Port Portrait

Port Portrait lesson plan

Plan an imaginary cruise, using maps, studying other languages, and drawing scenes from your trip.

  • 1.

    Identify exciting places your family or a school group, such as a language club, might visit on a boat or ship. Work together as a class, or in small groups, to plan an imaginary cruise. Plot the course of the trip on a map. Record the imaginary itinerary on a chart or calendar.

  • 2.

    Make a portrait of your group waiting to leave one port on the cruise, using Crayola® Oil Pastels on construction paper. Depict the foreground and background scenery realistically, and show clothing appropriate for the climate. Blend layers of color in the background with a small piece of paper towel.

  • 3.

    Describe the port scene and the feelings of each group member. Use vocabulary words that capture people's excitement and curiosity.


  • Children research and plan an imaginary cruise itinerary (tropical islands, fjords, rivers, iceberg watches) while studying topics such as languages, transportation, geography, oceans and rivers, or climates.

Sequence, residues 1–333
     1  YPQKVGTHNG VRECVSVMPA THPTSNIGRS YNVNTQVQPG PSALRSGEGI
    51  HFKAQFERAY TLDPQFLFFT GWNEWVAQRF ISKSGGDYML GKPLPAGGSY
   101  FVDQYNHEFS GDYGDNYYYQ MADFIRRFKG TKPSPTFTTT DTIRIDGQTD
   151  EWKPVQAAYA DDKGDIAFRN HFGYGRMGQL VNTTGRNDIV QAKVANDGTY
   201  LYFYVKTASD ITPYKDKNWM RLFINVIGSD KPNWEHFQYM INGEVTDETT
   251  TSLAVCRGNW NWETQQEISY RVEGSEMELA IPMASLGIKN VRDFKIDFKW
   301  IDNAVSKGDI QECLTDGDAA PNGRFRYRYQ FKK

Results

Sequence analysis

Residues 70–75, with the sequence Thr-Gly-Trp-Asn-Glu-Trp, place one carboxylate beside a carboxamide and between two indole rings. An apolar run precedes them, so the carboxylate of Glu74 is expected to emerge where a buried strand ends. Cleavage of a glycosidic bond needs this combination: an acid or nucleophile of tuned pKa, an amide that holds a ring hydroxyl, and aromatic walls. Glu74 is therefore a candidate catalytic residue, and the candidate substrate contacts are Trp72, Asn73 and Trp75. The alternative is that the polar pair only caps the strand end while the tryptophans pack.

• Children use the technique of layering and blending oil pastels to depict the setting and cruise participants in one port on the voyage.
  • Students describe the scene and group members' feelings with vivid vocabulary.


  • Children write about an entire imaginary family or school voyage. Refer to maps, Web sites, and brochures. Ask children probing questions as they revise and edit their work.
  • Continue a series of drawings of an imaginary cruise. Bind the drawings together and add words to describe events and sights. Write in each country's language if possible.
  • Invent riddles about the setting in the portrait. Can other students figure out where the portraits were made?